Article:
June 10, 2015 Comments (0) Blog, Securities Fraud

Arkansas filed complaint against New York financial advisor over Verso bond solicitation

(Last Updated On: July 17, 2015)

According to the Arkansas Securities Commissioner, Niaz Elmazi (a New York resident who was registered with the Arkansas Securities Department as a broker-dealer agent with HFP Capital Markets LLC, CRD No. 44351, from June 9, 2009 to May 16, 2013) was recently sued by the Arkansas Securities Commissioner.

According to the Arkansas Securities Commissioner, on July 30, 2012, Elmazi allegedly contacted an Arkansas resident on a cold call recommending the purchase of certain corporate bonds issued by Verso Paper Corp. Elmazi was not aware at the time of the call that the person he was speaking to was employed as a Senior Securities Examiner with the Arkansas Securities Department or that he had called the office phone during business hours.

According to the Arkansas Securities Commissioner Case No. S-12-0102, Elmazi pitched the Verso bonds as a short-term investment that was trading at sixty cents on the dollar and paying an 11.5% coupon. Elmazi allegedly represented that a takeover of Verso by its competitor was imminent. He allegedly asserted that it would happen in the next six weeks and that the merger of the two companies would allow Verso bondholders to make a 70% profit on the investment.

Brokers have an obligation to make investment recommendations that are consistent with their clients risk tolerance, net worth, investment objectives and experience in the market. Unsuitable recommendations would include not researching a potential client before making a recommendation.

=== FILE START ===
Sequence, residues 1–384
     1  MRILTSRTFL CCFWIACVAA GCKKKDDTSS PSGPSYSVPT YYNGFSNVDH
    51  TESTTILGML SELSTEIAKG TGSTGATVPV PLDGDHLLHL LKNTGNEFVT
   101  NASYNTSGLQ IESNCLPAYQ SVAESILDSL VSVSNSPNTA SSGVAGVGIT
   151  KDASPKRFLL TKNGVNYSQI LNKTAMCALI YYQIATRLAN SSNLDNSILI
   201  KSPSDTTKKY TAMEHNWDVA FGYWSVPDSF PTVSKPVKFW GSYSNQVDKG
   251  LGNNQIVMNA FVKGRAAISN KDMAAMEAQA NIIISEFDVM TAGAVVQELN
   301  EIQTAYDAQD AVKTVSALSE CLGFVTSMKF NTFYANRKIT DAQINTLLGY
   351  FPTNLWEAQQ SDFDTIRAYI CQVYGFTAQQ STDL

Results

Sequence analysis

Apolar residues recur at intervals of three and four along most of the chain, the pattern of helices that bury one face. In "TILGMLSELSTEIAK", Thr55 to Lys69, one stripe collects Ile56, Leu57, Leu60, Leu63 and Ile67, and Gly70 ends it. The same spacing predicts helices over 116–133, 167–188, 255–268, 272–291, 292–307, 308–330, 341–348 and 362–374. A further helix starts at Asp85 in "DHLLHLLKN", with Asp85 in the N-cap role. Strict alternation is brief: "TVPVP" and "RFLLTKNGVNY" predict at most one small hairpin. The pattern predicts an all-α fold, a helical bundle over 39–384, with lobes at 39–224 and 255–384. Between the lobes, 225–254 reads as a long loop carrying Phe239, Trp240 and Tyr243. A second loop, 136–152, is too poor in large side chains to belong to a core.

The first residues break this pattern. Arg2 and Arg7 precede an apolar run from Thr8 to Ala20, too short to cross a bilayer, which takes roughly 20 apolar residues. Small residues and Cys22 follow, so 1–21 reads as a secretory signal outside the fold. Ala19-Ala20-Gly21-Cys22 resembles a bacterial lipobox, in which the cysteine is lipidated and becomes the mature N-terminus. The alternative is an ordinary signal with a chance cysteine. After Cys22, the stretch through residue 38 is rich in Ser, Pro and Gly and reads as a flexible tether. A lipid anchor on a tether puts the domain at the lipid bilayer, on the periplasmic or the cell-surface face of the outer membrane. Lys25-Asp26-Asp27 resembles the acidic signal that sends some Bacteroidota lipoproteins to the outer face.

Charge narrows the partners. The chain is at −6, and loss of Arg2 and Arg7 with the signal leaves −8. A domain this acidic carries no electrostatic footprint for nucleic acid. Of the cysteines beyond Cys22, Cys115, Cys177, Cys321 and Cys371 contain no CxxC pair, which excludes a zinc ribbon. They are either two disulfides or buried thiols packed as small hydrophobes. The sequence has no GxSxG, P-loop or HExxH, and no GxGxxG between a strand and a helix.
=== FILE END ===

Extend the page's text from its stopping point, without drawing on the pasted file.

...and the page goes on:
At the time of the cold call, the Verso bonds carried an average rating of “B” from the major credit rating agencies. Bonds with a “B” rating are labeled as “highly speculative”. According to the Arkansas Securities Commissioner case documents, Elmazi failed to disclose the risks associated with the purchasing of a highly speculative bond or “junk bond”. Elmazi also allegedly misrepresented the safety of the bond and failed to conduct a proper suitability analysis with the Securities employee to determine if the bonds were suitable for the investor prior to recommending them for purchase.

Broker dealers are required to perform adequate due diligence on any investment they recommend and to ensure that all recommendations are suitable for the investor. Firms that fail to do so, may be held responsible for any losses in a FINRA arbitration claim.

The information provided is publically available through http://www.securities.arkansas.gov/!userfiles/Niaz%20Elmazi%20Complaint%20S-12-0102.pdf, and is being provided by The White Law Group.

The White Law Group is a national securities arbitration, securities fraud, and investor protection law firm with offices in Chicago, Illinois and Vero Beach, Florida.

For more information on The White Law Group, visit www.whitesecuritieslaw.com. For a free consultation with a securities attorney, please call the firm’s Chicago office at 312/238-9650.

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